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Hi y’all I’m new here

CJM | Posted in General Discussion on

Hello, first let me say I have really enjoyed my visits here, I found it was addictive so didn’t join at first! I have a home business designing, sewing, marketing and selling to retailers. I recently bought two new machines and still haven’t had time to really play with them, so I felt guilty everytime I visited here!

I’m originally from England but have lived in the States for about thirty years. Although I live in Alabama currently, hubby & I own a lot in Washington where we plan to retire someday: At least. he plans to retire, I can’t imagine that for myself! I have lived all over the US, both ends of CA, DC, PA, AZ, OR and now AL.

I love what I do and am so grateful not to have to work for someone else anymore. I can work in my jammies if I like! I was visiting a client’s boutique recently and offered to do an alteration for a customer. (Something I said I wouldn’t do anymore!) It’s actually a complete rework and I am frustrated with the ideas I have had. I only quoted two hours so haven’t put any actual time in yet but if I were billing for mental dedication, I might well be closer to that move to the Northwest.

If anyone has done involved alterations and would be willing to have a natter about that I would be eternally grateful.

Thanks CJ

Replies

  1. sewhat | | #1

    Hi, CJ

    I am afraid I can't help you out much, as I struggle through alterations so much that I try to avoid them whenever possible.  I would rather start from scratch then remake something!  I just wanted to let you know that your wit and humor are appreciated.  You Brits seem to write so beautifully--what are we missing over here?

    Good luck with reaching your goal as soon as you can.  Life is really grand when you can live in the place you want.  My husband and I recently moved to 10 mostly wooded acres at a small lake in Kentucky.  Love it.  So, I do wish you well, and keep on writing.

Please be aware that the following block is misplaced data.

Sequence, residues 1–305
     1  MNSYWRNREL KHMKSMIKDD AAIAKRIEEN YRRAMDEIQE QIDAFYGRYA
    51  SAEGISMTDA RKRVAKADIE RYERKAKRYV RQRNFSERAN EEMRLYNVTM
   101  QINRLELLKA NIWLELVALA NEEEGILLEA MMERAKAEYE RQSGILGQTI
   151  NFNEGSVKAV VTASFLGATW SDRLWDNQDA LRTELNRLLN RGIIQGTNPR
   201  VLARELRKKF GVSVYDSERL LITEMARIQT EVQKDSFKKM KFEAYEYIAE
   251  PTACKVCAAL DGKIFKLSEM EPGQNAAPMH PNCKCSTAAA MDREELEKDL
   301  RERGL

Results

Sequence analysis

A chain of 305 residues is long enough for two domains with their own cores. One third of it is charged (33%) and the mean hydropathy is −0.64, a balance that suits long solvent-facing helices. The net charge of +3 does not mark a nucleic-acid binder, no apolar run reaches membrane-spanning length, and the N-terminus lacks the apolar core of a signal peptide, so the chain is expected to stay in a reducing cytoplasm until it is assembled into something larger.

Carla

    1. CJM | | #2

      Hey Carla,

      Thanks for your kind words. Your 'special spot' sounds lovely.

      I have spent five hours today on this bloody reconstruction and think I might just lose my mind completely, or what's left of it.

      Thank you for your support.

      All Good Things,

      CJ

  2. Andrea03 | | #3

    Hi, CJ!

    I'm new here also, and so sorry I don't have any advice for you, but I do have a question...

    How did you get started on your home business?  I'm a stay-at-home mom with a 14 month old and would like to make hand-sewn crafts and sell from home.   Your advice and experiences would be much appreciated!!!

    Thanks! - Andrea

    1. CJM | | #4

      Hey Andrea;

      I have lived in many cities and have contacts all over the US and Europe. I marketed to people I know, who in turn referred me to my clients. My items are high end, luxuary pieces which I limit to exclusive boutiques. I don't want a piece to be ripped off and sent to China to be assembled at slave labour prices. My Made In The USA label is important to me but not so important to my end buyers!

       It has been a slow climb, I think it generally is and very hard work, I spend fourteen hours, six days a week at my business. I have lots of money invested in all aspects of the business. I needed the creativity after many years in corporate America and really enjoy, really, really love what I do! Because my husband is also self employed success is essential to us both and we are very supportive of one another.

      I am sure there are some local stores around you that would buy well made articles, where you might not feel the pressure of having to produce. I suggest you visit small stores where you think your pieces would sell and then give it a try! If it doesn't go at least you'll have some gifts ready!

      Good Luck,

      CJ

      1. Andrea03 | | #5

        CJ,